Interview: A day in the life of a programmer
Co-founder and CTO of DataSine, Chris Loy, and Front End Engineer Jenny Wem both have plenty of programming experience. We found the time to ask them some questions about life as a programmer, the challenges they face, how things have changed, and what advice they have for programmers of the future.
Sometimes it’s difficult to know how to decide what career you want to pursue. Here at JAXenter, we understand that – that’s why we’ve decided to talk to two people with a lot of experience in programming. Whether you want to know more about what programming looks like as a career, or you’re simply not sure what it is your colleagues are up to, hopefully you’ll find this Q&A with Jenny Wem and Chris Loy as interesting as we do! Anyway, enough talk, let’s get to the interview:
JAXenter: What is a typical day in the life of a programmer?
Jenny: A typical day for me begins with our team’s morning stand-up meeting, where we report what we’re working on and whether anything is blocking our progress. I then check work tickets on Jira, which is the tool we use to organise tasks that need to be done, and either start a new ticket or continue with one I’ve been working on.
The ticket could be anything from building new features to fixing bugs, and when I’ve finished building or fixing something, my team reviews the work I’ve done and suggests any necessary changes. After making these changes, my new code is merged into the ‘master’ copy of the codebase, and then I’ll start a new ticket!
My other responsibilities include helping to estimate the complexity of work we need to do, as well as reporting bugs and monitoring automated tests. Every two weeks the team has a meeting where we collectively decide which features we’re going to be working on.
JAXenter: What attributes/skills make a programmer successful?
Soft skills are sometimes underestimated, but good communication and a collaborative spirit are really important factors.
Jenny: The ‘typical’ background of a programmer would probably involve a computer science or STEM degree, although obviously not all programmers are from a typical background – my team includes people with more typical backgrounds along with people who became programmers after a career change. I actually studied art before completing a coding bootcamp.
I think a successful programmer is someone who can adapt rapidly to change, as technology tends to move very fast, and you can find yourself needing to quickly get the hang of new frameworks and libraries. Soft skills are sometimes underestimated, but good communication and a collaborative spirit are really important factors. The need for these soft skills is perennial, whereas technical knowledge of a particular language or framework can quickly become obsolete.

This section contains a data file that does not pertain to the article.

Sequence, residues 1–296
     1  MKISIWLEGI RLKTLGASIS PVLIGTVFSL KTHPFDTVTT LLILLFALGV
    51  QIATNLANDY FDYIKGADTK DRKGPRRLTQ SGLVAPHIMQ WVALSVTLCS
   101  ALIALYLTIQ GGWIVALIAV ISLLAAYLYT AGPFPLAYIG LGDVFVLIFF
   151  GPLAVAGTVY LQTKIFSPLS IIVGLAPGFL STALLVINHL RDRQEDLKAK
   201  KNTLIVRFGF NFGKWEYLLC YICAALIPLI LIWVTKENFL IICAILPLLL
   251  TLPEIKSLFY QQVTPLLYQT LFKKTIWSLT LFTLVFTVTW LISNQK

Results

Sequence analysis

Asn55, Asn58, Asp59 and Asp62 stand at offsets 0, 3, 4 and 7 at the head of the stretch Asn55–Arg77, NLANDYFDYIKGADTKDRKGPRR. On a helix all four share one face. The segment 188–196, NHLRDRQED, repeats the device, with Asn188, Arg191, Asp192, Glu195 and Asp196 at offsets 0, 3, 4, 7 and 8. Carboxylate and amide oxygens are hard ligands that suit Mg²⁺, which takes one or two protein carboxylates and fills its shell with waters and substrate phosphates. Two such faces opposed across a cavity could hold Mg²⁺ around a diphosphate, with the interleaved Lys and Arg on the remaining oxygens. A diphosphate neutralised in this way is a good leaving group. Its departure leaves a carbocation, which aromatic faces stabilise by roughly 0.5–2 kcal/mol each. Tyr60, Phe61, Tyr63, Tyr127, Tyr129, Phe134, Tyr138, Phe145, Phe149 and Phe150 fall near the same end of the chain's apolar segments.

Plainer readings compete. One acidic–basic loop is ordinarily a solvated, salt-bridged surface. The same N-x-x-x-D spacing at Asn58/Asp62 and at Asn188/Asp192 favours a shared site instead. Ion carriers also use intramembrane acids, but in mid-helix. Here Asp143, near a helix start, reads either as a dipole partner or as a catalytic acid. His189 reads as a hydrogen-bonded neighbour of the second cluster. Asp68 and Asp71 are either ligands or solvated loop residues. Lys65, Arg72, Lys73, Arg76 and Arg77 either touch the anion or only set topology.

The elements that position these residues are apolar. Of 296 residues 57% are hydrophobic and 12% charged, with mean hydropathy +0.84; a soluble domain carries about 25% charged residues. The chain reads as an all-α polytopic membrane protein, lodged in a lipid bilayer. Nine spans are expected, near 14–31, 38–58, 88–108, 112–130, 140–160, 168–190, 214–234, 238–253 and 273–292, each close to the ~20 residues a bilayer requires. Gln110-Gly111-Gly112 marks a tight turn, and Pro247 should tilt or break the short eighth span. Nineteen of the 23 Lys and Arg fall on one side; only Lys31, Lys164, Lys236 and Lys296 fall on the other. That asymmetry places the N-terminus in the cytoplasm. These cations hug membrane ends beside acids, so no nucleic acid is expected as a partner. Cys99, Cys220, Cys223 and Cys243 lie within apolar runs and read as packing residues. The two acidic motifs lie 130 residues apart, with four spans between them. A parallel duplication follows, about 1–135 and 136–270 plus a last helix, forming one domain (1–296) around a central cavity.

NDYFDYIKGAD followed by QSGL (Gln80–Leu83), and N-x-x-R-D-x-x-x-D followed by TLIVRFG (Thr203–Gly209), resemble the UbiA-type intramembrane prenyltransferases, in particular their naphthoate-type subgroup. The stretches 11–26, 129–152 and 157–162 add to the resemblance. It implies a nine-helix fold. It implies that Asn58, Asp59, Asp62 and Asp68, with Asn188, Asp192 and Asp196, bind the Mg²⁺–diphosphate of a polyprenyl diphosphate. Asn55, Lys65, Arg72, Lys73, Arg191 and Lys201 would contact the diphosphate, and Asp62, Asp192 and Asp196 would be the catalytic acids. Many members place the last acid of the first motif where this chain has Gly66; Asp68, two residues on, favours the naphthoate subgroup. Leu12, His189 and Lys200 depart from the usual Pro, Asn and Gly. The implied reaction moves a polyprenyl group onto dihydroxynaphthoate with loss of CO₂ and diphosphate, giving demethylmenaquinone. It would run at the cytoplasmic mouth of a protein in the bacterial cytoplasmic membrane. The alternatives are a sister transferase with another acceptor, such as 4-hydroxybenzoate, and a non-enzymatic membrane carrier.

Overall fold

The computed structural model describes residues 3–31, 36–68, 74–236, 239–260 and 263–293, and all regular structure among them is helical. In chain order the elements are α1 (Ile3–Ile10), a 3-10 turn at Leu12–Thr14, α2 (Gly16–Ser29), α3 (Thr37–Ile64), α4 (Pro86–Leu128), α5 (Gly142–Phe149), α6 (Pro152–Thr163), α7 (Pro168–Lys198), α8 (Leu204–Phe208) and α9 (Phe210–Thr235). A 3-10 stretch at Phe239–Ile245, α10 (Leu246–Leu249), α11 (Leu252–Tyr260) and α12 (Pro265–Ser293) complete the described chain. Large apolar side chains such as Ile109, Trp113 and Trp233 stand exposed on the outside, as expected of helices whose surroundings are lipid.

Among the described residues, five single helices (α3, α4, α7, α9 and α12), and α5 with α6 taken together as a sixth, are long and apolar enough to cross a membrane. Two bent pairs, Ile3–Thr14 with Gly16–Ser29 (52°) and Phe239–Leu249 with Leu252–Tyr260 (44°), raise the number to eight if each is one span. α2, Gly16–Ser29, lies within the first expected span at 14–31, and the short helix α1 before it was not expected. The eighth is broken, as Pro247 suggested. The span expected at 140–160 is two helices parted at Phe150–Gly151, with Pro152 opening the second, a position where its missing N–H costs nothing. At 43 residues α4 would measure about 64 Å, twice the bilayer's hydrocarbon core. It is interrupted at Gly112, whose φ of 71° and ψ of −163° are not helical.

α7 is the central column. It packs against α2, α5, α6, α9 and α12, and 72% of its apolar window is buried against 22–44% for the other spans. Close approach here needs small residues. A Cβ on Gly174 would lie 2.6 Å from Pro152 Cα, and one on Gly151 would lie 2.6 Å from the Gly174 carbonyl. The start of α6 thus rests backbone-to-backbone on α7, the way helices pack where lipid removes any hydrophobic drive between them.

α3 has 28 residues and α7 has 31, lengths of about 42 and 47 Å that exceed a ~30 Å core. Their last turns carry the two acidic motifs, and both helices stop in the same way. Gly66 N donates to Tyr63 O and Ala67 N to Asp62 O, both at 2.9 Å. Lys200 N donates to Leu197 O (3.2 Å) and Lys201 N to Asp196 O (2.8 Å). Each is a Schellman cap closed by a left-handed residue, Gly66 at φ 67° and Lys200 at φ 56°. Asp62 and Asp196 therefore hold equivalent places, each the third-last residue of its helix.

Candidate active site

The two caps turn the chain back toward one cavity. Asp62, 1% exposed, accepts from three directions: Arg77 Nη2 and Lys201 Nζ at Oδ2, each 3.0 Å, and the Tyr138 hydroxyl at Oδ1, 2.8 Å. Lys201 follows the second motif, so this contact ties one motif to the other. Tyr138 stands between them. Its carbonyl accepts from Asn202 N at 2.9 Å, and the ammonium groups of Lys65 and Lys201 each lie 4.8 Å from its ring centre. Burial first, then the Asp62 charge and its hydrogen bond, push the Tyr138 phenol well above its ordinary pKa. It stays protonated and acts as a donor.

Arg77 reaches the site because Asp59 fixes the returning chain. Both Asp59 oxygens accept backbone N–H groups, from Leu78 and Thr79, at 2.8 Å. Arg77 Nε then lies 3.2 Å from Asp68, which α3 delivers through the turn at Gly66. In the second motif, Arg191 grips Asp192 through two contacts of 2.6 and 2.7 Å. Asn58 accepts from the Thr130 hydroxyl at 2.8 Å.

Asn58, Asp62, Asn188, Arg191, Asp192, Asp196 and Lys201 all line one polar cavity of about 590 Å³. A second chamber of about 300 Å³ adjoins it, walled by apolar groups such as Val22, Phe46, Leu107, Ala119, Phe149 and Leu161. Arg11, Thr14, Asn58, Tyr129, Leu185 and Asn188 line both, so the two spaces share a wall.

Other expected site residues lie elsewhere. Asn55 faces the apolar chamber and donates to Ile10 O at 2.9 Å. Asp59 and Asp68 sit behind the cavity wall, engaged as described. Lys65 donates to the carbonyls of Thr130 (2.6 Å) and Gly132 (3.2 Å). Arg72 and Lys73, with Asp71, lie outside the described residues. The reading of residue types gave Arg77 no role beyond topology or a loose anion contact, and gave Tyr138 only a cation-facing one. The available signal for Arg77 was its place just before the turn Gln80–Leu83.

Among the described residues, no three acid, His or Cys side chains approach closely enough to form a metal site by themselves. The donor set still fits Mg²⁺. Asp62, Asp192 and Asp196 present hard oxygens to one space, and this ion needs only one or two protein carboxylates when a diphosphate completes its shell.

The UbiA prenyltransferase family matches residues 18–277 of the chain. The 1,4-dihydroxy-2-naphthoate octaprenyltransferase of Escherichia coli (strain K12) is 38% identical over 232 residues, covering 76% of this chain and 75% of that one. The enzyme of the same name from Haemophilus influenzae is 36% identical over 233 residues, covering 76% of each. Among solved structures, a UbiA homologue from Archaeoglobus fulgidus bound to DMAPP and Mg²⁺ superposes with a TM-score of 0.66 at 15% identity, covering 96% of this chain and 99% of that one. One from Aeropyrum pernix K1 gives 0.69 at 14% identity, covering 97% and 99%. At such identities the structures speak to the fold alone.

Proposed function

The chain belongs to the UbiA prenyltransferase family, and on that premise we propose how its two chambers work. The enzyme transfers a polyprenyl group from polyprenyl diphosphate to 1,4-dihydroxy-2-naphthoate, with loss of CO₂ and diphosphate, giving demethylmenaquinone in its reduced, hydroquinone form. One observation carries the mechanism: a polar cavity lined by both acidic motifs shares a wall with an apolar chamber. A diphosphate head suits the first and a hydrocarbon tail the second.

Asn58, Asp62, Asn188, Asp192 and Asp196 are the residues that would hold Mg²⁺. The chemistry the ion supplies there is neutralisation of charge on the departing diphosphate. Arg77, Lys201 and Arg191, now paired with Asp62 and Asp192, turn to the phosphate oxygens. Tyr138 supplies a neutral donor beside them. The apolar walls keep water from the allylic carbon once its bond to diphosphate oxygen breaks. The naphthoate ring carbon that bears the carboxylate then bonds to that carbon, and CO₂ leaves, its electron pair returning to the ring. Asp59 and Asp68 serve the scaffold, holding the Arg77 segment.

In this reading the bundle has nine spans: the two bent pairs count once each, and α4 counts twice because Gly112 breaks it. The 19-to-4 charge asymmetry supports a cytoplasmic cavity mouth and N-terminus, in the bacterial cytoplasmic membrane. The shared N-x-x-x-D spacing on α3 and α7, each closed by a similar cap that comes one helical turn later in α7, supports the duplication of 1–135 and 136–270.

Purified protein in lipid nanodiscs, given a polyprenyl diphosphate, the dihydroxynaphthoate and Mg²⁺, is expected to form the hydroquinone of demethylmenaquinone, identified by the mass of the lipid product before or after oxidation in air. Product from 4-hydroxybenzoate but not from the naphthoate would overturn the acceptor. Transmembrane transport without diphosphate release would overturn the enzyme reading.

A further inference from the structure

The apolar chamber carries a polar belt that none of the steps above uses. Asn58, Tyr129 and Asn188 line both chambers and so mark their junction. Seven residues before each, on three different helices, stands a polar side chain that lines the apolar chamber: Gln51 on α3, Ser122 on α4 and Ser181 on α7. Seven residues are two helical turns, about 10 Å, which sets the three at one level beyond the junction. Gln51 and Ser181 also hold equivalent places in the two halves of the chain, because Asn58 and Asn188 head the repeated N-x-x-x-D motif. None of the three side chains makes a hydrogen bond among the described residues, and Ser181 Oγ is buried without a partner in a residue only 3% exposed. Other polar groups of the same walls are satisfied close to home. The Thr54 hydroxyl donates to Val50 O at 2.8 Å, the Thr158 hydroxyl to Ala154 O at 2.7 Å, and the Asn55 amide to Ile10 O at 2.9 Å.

How programming has changed
JAXenter: How has the programmer role changed in recent years?
Chris: Like lots of office jobs, the role has generally become less corporate. The influence of Silicon Valley tech giants has meant that traditional corporations have slowly moved from viewing programmers as back-office staff to being the core team responsible for innovation.
The internet has really democratised access to skills and expertise. Thanks to the open source ecosystem, and popular sites that enable open collaboration, such as GitHub and Stack Overflow, the barrier to entry is lower than ever. Consequently, the industry is more diverse than it has ever been before.
Programmers now need a more malleable skill set in order to advance, as the rate of change in technology outpaces the speed at which traditional educational routes such as universities can teach. While even ten years ago there was more tribalism in the stacks that people learnt, today the best programmers are those able to adapt to new technologies quickly.
JAXenter: Has the rise of robotics and automation impacted the role of a programmer?
Chris: So far the impact of robotics and automation has only been positive. Software engineering is a discipline that differs from traditional engineering because you can go back and change what you’ve built afterwards. In other words, you can wait until after you build something to test it, unlike when building a suspension bridge or aircraft wing, for example. For this reason we spend a lot of time building processes to enable us to experiment and test. Technology and infrastructure that allows us to automate this time-consuming work means we can spend more time innovating on new products and ideas.
As well as this, the rise of robotics has provided good employment opportunities for a lot of programmers, and has drawn lots of existing programmers into machine learning.
Industries like manufacturing and transport are bearing the brunt of automation more directly, and within the machine learning / AI world, this is already happening to an extent. Although the history of disruptive startups suggests that someone will try to automate us out of existence at some point, I’m not too worried to be honest. The more automation we have, the more we can focus on the bigger problems that technology can solve.
The value of programmers
JAXenter: How does a programmer feel they are adding value and having an impact within a large business?
Jenny: From a business perspective, it can be extremely difficult to have a sense of whether you’re adding value in a large company, since a developer may not have any contact with the users of a product they’re working on. Technically, I think there’s a lot of personal satisfaction to be gained from writing clean, maintainable code that fellow developers will be able to understand and build upon, and this is something that a developer can aim for in a company of any size. It’s important to have faith that good code will save a business time and money in the long run.